Wednesday, July 17, 2013

Dead Watermelons, Dead Feelings

Hey! Look at this jellybean watermelon I grew!
Just kidding. I didn't grow this. Any possible melons I could have grown are dead.
"Let me rephrase. No... let me sum up"....

In the spring, my mom gave me two little watermelon plants from a batch she had bought. Now, I'm not a green thumb by any means, unless it's tropical indoor plants, and I think it was just dumb luck that I stumbled upon how to keep them alive. That, and my mom's example of semi-neglecting them. I mostly forget to water stuff, as I'm sure some of you can relate to. But anyway, I plopped those two little watermelon plants side by side in my ghetto side-yard. By plopped, I mean I dug a tiny hole against the shady part of a house in a yard that already gets very little sun, full of the most miserable dirt you can imagine, and kind of made a mini wall of dirt about 1ft in diameter around the plants. Then I dumped water on them, and dumped more water on them (with my neighbor's watering can), whenever I remembered, which was like every 3 days. By golly, those things grew like weeds after the first 2 weeks or so. You can barely imagine my delight at having grown something successfully with almost no effort. The better the plants did, the prouder I became, and it became a ritual to go out and water them with Ishmael and pull up the tiny weeds inside the dirt wall and imagine the beautiful little melons that would someday come from the multiple flowers on the vines.

One day, I went out there to water, and there was a little mound of dirt just outside my dirt wall (which is about an inch high) that was clearly made by gophers that are around, but hitherto had not entered into my list of worries. Half of one smallish stem of my plant was chewed off, which was faintly annoying, but no biggie - I could share with the little guys, right? I poked around the dirt mound and kind of marveled at the fact that I couldn't find any sort of hole, but again, it didn't concern me that much. I hoed the little mound semi-flat and went on my way. The next time I went out there, one of the plants had clearly died. I was flabbergasted and crushed and mightily infuriated, but I watered the hell out of what was left in desperate hopes that the other vine would be spared or that the chewed one could possibly bounce back with some nurturing. I mean, what's one or two less roots? Can't plants just grow some new ones and get on with things?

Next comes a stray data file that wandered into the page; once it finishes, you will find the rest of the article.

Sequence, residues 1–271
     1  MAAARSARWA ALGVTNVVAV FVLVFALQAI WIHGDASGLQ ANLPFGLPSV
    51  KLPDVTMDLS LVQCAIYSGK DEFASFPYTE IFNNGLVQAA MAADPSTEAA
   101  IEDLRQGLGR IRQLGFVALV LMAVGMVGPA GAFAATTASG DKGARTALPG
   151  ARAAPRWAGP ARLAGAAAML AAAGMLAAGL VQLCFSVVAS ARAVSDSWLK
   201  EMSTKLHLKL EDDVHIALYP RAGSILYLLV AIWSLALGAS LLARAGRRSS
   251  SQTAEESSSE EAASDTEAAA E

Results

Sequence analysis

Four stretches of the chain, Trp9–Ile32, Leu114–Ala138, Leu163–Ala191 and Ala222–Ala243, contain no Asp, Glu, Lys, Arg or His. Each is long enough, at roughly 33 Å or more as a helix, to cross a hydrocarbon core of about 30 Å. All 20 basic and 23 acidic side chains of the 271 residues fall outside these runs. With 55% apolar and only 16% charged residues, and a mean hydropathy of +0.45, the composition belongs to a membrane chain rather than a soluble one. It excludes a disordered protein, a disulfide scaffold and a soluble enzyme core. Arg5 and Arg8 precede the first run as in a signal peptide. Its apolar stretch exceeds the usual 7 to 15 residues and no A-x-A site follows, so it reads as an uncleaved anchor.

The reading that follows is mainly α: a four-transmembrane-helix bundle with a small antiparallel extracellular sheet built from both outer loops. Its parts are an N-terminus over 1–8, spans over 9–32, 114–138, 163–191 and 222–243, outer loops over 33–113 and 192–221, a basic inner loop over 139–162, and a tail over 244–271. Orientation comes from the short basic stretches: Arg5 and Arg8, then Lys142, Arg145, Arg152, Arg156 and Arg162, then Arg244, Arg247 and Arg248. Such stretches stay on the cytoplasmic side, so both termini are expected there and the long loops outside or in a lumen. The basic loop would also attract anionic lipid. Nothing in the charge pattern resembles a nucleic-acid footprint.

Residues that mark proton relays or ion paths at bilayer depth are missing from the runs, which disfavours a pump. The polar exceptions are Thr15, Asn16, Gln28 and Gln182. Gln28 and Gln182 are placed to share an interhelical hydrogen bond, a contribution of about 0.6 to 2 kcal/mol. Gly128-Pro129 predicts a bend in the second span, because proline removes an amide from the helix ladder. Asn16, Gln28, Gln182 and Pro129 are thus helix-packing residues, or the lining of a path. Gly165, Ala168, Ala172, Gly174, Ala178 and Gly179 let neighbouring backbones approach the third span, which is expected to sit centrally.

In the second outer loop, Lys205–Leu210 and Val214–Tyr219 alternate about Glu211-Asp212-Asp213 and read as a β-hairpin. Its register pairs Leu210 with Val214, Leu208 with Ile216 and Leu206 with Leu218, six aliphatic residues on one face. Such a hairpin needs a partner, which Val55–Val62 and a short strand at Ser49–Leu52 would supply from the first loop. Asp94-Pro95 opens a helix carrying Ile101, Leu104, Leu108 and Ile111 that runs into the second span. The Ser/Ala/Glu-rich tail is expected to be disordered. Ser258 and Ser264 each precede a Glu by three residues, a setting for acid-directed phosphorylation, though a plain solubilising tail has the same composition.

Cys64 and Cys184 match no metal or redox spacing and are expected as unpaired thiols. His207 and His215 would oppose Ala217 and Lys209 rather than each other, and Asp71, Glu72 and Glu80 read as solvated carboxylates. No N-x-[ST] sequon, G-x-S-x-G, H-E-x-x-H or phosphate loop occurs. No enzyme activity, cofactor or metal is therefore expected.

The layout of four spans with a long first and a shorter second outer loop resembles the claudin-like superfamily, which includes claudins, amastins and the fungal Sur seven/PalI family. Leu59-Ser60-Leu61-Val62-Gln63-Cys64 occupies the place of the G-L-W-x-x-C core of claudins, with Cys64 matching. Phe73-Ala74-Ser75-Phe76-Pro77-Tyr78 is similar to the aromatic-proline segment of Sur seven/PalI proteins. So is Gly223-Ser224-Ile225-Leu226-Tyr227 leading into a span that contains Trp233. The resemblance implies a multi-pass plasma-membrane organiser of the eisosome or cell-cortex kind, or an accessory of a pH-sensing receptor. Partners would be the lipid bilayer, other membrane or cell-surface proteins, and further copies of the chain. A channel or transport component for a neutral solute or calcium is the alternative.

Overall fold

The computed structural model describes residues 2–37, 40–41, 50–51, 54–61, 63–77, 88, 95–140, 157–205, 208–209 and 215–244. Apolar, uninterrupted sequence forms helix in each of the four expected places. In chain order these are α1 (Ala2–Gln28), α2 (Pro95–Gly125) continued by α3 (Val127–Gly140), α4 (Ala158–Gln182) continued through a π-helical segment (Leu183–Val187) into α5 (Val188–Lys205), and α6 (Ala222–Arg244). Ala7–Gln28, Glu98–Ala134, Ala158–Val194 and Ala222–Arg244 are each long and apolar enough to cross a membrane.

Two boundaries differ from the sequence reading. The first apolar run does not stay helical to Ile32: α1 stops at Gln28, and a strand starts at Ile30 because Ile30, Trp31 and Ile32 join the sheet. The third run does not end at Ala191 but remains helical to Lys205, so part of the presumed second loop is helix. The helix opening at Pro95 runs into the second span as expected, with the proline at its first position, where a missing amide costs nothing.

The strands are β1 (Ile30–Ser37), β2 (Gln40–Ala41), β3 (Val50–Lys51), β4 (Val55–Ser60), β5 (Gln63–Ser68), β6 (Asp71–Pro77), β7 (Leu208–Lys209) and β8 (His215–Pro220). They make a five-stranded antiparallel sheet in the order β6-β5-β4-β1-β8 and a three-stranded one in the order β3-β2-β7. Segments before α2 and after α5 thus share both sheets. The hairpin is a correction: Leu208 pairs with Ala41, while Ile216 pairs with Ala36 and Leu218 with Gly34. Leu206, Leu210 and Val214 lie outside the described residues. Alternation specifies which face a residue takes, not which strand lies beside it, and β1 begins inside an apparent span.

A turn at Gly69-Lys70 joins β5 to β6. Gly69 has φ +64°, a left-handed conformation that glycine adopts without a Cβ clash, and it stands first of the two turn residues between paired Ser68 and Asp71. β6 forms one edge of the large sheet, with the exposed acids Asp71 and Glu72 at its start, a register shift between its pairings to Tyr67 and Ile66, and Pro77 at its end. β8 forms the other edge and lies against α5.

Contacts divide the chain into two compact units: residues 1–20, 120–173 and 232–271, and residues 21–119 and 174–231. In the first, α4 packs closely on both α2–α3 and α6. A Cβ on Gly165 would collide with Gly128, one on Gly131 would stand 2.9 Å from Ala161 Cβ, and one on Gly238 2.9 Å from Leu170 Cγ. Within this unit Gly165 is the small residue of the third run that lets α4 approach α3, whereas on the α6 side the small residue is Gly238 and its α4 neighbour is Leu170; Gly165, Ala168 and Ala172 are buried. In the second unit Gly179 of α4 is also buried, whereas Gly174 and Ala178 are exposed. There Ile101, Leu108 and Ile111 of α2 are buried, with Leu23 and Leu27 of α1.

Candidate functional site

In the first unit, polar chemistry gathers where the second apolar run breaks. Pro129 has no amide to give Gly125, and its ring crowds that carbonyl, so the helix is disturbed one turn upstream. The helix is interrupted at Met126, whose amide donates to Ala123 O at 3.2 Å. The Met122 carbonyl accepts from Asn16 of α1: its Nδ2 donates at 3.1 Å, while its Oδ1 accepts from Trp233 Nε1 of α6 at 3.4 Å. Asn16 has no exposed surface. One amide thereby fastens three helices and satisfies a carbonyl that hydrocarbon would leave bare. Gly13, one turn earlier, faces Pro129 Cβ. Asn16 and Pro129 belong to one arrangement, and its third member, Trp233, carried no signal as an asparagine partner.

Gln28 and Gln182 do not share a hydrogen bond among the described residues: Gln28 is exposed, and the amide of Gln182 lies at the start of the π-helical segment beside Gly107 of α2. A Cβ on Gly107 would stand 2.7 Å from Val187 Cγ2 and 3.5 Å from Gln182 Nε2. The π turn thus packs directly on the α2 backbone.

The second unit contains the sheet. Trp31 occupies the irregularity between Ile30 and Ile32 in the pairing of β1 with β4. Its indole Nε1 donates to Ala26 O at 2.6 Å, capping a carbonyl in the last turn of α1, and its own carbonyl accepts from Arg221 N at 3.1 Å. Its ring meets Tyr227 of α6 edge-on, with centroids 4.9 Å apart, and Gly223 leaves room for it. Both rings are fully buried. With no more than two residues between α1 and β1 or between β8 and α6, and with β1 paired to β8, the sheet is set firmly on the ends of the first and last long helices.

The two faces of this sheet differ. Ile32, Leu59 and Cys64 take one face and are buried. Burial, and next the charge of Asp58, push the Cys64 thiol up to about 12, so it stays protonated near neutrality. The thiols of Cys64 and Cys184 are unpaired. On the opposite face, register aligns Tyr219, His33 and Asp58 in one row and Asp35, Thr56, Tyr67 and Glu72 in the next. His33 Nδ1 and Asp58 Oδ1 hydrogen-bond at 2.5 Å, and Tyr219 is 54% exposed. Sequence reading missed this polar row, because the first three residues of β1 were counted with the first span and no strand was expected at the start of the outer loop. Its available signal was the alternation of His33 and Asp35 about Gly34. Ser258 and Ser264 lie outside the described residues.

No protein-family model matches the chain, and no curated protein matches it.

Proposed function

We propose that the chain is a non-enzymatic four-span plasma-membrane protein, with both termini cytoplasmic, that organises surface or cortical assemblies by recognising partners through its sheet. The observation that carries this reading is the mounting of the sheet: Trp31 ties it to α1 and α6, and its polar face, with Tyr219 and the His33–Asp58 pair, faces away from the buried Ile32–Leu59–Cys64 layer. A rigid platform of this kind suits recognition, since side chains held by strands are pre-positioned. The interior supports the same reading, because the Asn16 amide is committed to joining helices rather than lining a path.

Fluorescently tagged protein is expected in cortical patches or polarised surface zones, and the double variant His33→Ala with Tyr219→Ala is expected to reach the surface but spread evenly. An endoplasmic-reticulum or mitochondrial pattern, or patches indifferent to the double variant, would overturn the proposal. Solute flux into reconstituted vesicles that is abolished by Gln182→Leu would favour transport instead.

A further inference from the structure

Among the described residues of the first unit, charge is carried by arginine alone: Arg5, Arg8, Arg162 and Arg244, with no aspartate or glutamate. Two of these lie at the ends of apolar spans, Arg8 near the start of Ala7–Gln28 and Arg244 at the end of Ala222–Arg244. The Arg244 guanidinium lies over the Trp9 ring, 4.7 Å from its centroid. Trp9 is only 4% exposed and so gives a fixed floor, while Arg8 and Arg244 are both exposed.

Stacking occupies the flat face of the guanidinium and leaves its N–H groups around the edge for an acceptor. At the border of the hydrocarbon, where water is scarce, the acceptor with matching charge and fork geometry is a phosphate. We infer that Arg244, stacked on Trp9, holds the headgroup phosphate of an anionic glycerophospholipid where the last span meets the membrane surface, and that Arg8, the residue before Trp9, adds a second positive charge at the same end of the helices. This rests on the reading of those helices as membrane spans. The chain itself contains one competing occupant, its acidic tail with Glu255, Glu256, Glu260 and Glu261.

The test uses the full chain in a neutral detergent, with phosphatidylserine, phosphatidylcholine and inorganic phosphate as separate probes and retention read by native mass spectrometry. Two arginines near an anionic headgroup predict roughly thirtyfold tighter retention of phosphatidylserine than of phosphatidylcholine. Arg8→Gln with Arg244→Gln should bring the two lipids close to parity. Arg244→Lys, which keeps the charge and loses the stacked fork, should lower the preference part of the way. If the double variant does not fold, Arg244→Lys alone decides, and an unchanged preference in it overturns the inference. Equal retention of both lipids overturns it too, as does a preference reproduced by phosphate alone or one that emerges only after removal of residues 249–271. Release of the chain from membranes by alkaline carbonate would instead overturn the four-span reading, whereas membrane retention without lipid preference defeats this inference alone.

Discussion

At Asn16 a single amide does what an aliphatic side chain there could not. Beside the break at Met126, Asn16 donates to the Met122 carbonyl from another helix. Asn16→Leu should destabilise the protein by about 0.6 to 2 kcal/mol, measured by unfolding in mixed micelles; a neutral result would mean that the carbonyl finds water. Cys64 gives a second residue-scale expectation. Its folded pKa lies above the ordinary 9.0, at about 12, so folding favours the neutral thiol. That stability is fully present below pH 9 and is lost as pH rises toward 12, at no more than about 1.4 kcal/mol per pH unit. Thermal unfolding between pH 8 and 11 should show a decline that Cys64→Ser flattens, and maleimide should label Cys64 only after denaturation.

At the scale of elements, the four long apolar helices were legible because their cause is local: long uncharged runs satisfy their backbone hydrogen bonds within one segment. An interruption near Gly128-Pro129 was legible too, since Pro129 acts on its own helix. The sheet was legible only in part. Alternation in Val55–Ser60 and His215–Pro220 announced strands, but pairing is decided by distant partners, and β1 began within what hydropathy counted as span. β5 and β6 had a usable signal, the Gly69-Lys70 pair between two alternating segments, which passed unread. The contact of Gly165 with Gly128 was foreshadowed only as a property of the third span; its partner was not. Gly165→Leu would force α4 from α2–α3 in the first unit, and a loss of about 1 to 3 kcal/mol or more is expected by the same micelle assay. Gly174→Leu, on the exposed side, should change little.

As I watered, the ground began to cave in under my plants and the river of water just disappeared into the abyss. One plant came up easily in my hand, but since the other didn't come up easily, I left it and poured more and more water down the hole in hopes that I could drown those mongrels and simultaneously save the remaining plant. As I'm sure you have foreseen, the other plant was equally dead the next day. Last night, I even dreamt that the 7 foot (no joke) sunflower that is thriving in the yard was prostrate on the ground as well. All I could think for an hour was, "I'm gonna get those ***** *******. What a bunch of ********", etc. (I've been binge watching a prison drama). Below is my newly dead plant in my unedited "yard". Below that, my Hyperbole-and-a-Half-style interpretation of how I felt about this, except I envisioned it at a whole other level of maniac-crazy-lady than this picture really illustrates: